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New President: USM's Business Model 'Obsolete'

Tom Porter

The University of Southern Maine has a new interim president.  University of Maine officials this morning named former Central Maine Power chief David Flanagan as the person to lead the state's second-largest university until a permanent replacement can be found.

Tony Payne, vice-chair of USM's Board of Visitors, chose a World War II analogy to herald the new appointment. "Today is D-Day - David Day," Payne said. "We have our generals, we've got our chief of staff, we've got all the people who have led this institution to this day and point in time where it's time to take the beaches."

But in this battle, Payne says the enemies are demographics and finances, and describes the 67-year-old Flanagan as the best man to lead the charge. "He's almost like Eisenhower - certainly the haircut is the same," Payne joked.

"David Flanagan is one of Maine's most trusted, experienced and accomplished business leaders and public servants," said James Page, chancellor of the University of Maine System, which comprises seven schools and which itself faces a $36 million shortfall.

"President Flanagan is tasked with shepherding this campus through a difficult budget process, to close what is currently expected to be a $12.5 million gap between revenues and expenses in the next fiscal year," Page said.

Flanagan will take up his new post July 28, and hold it until a permanent president can be found, which Page says should happen within a year.  Flanagan takes over from Theo Kalikow, who stepped down as interim president last week after overseeing a troubled two-year period at the university as it struggled with declining enrollment and flat state funding.

"It is a major change, but it's a change to unstick a process that had become increasingly bogged down and stuck over the last year," ???? said. "And in discussions with Theo, she said she'd taken it about as far as she could, given where she was, and it was time for a new team to come in and - I hate to overuse the sports metaphor - but to move the ball further down the field."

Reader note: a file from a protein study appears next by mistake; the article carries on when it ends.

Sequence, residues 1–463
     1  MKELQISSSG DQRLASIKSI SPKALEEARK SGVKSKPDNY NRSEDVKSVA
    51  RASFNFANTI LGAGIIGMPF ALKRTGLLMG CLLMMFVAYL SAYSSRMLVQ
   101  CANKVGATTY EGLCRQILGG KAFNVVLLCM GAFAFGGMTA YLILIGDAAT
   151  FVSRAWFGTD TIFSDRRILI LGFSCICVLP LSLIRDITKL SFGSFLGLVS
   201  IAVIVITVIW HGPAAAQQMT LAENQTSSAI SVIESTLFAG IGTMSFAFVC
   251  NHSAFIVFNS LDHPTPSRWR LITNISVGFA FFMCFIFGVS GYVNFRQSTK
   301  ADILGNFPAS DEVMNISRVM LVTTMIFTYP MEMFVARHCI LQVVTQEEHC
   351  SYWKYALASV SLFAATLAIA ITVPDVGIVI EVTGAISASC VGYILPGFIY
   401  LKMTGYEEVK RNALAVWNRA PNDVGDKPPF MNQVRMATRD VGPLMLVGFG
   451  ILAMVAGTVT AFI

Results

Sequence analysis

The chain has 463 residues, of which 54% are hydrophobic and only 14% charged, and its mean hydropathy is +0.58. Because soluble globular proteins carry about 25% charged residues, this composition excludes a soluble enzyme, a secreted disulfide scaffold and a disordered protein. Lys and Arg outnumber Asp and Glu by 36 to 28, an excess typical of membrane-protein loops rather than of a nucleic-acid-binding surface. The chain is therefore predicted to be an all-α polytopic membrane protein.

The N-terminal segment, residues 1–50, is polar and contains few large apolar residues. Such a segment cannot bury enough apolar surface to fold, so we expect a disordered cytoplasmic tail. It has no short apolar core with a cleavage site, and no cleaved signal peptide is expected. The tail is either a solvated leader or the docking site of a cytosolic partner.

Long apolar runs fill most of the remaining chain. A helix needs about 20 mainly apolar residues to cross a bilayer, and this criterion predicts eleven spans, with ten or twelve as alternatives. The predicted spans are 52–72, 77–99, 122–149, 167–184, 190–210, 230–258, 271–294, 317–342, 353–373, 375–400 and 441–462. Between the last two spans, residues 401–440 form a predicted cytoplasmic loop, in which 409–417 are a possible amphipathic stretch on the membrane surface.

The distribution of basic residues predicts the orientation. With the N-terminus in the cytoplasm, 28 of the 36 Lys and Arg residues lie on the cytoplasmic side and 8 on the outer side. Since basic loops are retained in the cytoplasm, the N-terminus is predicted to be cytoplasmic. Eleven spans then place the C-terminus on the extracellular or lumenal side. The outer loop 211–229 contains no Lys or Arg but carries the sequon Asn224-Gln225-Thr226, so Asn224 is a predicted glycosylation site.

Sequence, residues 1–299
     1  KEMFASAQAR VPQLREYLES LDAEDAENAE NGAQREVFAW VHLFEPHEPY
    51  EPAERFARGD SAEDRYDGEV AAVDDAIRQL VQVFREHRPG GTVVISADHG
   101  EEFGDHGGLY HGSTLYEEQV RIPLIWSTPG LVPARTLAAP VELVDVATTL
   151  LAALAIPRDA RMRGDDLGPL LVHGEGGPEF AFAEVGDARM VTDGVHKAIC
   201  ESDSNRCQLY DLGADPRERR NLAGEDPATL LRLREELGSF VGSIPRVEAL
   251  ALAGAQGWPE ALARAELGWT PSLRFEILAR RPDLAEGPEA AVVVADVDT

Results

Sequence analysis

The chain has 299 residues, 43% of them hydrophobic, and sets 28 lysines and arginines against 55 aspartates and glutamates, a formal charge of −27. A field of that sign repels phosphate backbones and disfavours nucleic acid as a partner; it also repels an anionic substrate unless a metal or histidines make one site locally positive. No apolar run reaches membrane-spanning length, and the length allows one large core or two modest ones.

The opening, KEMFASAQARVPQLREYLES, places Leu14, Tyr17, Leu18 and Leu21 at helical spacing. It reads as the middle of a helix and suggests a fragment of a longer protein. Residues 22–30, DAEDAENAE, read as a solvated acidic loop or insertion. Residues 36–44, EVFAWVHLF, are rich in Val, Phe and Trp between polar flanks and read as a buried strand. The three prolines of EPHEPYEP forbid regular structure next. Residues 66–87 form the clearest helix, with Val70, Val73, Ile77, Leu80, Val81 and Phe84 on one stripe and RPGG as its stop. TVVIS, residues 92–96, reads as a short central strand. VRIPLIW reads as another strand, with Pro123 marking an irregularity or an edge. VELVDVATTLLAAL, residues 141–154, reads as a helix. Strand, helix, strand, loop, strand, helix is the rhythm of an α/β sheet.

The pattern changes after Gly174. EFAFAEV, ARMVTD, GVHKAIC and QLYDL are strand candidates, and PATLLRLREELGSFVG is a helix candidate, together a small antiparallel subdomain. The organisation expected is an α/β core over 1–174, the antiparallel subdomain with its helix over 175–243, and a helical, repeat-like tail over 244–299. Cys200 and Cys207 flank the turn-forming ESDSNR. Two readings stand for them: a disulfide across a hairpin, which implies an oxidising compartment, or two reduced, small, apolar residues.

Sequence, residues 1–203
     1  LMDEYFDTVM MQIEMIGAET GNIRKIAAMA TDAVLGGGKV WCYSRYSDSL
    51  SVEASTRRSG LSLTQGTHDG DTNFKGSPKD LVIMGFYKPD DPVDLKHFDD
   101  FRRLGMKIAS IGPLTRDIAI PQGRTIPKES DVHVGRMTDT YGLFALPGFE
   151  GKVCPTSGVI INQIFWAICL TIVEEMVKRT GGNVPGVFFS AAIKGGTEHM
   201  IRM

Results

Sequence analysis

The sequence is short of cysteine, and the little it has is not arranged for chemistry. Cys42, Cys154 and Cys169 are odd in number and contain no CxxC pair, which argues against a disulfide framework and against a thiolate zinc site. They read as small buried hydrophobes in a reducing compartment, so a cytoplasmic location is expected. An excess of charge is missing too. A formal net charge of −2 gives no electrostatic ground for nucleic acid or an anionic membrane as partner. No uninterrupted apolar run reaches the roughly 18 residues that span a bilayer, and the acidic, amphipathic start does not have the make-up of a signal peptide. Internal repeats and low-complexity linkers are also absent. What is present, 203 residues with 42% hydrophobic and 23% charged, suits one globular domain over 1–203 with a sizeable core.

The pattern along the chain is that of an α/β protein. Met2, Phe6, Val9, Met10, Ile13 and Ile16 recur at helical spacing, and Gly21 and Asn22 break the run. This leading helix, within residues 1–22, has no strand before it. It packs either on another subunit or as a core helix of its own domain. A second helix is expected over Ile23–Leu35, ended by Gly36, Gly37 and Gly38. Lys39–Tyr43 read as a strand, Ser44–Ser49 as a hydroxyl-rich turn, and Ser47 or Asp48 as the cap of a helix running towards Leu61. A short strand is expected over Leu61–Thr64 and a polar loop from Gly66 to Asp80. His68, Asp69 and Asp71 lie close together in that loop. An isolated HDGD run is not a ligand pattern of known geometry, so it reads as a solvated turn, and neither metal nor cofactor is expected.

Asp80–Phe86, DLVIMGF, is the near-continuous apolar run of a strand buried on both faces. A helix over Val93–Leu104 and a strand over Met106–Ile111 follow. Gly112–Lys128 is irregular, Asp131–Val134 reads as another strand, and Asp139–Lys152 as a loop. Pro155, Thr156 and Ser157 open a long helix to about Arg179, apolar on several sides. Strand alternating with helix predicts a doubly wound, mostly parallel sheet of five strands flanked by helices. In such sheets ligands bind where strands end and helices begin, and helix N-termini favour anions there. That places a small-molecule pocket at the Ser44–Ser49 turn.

When it comes to crisis management, David Flanagan has a lengthy resume. As head of CMP, he led the response to the 1998 ice storm - Maine's largest natural disaster. He's also served as an assistant Maine attorney general. In 2005 he was appointed by Sen. Susan Collins to lead an investigation into the U.S. government's response to Hurricane Katrina.

And he is the former chair of the UMaine System board of trustees who headed a task force that looked in detail at the structural and organizational challenges facing public higher education in the state.

As for the crisis facing USM today, Flanagan says step one is to recognize where mistakes have been made. "The reality is that USM's business model is obsolete," he said. "Outside forces have made it unsustainable."

USM, he says, must transform itself to ensure its future value to the people of Maine. "And this university with all of its strengths has the capacity to undergo such a transformation," he said at today's press conference.

Later, he said, "I would like to do three things: first of all, balance the budget; secondly, find efficiencies; third, transform the culture to be more student- and community-centric."

There is, he admits, an overwhelming amount to do. Flanagan says USM needs to submit a budget template to the trustees before their meeting in September, and have a final budget in place by the beginning of next year.